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Evaluating Triple Aim in integrated care through claims data


Elias Van Deun ,

Leuven Institute for Healthcare Policy, KU Leuven, BE
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Walter Sermeus,

Leuven Institute for Healthcare Policy, KU Leuven, BE
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Geert Goderis

Academic Center for General Practice, KU Leuven, BE
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Introduction: In Belgium, 12 integrated care pilot projects (Integreo) have been started in beginning 2018. Triple Aim is used as evaluation framework: improving the health of populations, patient experience of care and reducing the per capita cost of healthcare (Stiefel & Nolan, 2012). To make evaluation sustainable in the long term and limit registration workload, we will evaluate if relevant Triple Aim measures can be calculated based on claims data, which are already systematically collected.

One of the most important routine health databases in Belgium is the Inter Mutualistic Agency (IMA) database. This database contains all the claims for the compulsory health insurance in Belgium including doctor and hospital visits, technical interventions and drug deliveries. As such the IMA database is very useful to picture healthcare related processes and trajectories, but also to create accurate proxy parameters for a range of patient conditions (Vaes et al., 2018).

Theory/Methods: In a first stage, we created a list of “Triple Aim Claims Indicators” (TACI). To do this, we used the list of Triple Aim measures from the systematic review of Hendrikx et al. (2016). In parallel, we analysed the list of available data in the IMA-database. We combined the two lists to identify the Triple Aim measures that can be calculated based on the IMA-data. This exercise resulted in the TACI-list. Selection criteria were applied. The selection process was double blinded. Differences were resolved by consensus.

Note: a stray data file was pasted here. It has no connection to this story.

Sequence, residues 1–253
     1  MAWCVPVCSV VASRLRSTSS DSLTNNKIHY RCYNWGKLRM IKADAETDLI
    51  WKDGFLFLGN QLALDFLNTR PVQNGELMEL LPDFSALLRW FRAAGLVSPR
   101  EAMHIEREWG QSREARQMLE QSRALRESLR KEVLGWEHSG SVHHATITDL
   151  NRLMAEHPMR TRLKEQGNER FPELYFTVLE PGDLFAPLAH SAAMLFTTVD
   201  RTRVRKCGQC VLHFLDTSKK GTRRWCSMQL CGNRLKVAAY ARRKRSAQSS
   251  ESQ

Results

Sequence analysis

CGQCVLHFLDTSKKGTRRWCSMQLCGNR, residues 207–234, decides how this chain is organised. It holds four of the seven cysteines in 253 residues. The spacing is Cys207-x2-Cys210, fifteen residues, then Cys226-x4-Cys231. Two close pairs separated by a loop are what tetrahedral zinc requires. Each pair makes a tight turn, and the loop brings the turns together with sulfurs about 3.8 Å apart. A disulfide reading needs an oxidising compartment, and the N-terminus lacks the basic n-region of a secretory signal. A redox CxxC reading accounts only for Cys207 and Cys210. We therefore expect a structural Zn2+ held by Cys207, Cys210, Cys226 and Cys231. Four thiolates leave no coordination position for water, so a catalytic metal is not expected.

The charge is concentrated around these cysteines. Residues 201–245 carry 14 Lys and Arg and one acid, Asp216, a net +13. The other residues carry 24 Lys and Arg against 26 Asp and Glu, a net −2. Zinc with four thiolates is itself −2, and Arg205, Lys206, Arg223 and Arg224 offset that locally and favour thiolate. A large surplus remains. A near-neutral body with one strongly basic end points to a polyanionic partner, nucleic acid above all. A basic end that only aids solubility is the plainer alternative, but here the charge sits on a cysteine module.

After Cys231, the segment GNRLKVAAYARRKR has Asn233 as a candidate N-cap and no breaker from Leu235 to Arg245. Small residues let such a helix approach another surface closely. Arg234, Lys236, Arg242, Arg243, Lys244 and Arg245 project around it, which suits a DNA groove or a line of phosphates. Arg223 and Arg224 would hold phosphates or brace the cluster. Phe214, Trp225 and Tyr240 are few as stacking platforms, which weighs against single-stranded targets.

In a second stage, we validated this list. Hypothesis was that the TACI’s were able to discriminate care with high from care with low added value. As such these TACI’s should be useful to evaluate healthcare for subpopulations of patients and for comparing different regions and settings. To validate the list, we evaluated the TACI-list in the population with at least one chronic condition, compared to the total Belgian population.

Results: Out of the list of 865 Triple Aim measures identified by Hendrikx et al. (2016), we were able to identify a list of 662 measures, including hospital admissions, disease prevalence and cost. This list need to be further checked, for ea. project specific measures and incompatibilities with the Belgian health system.

Discussion: A rough check of what is available in the IMA-database for measuring Triple Aim, provides the following pre-analysis:

IMA has health outcome information through proxies, although these need to be handled with care (dimension 1)

There is very limited information on patient experiences (dimension 2)

 IMA provides an extensive range of cost information (dimension 3)

Conclusions: Triple Aim can partially be measured through claims data, although not all dimensions to the same extent, especially the patient experience of care. Cost is the most easy to track.

Lessons learned: New data collections are not always necessary. Making good use of already available data can create important efficiency gains.

Limitations: This research is limited to the Belgian IMA-database.

Suggestions for future research: Checking the TACI-list against claims data in other countries.

 Checking the list of Triple Aim measures with other (routine) databases.

How to Cite: Van Deun E, Sermeus W, Goderis G. Evaluating Triple Aim in integrated care through claims data. International Journal of Integrated Care. 2019;19(4):516. DOI:
Published on 08 Aug 2019.


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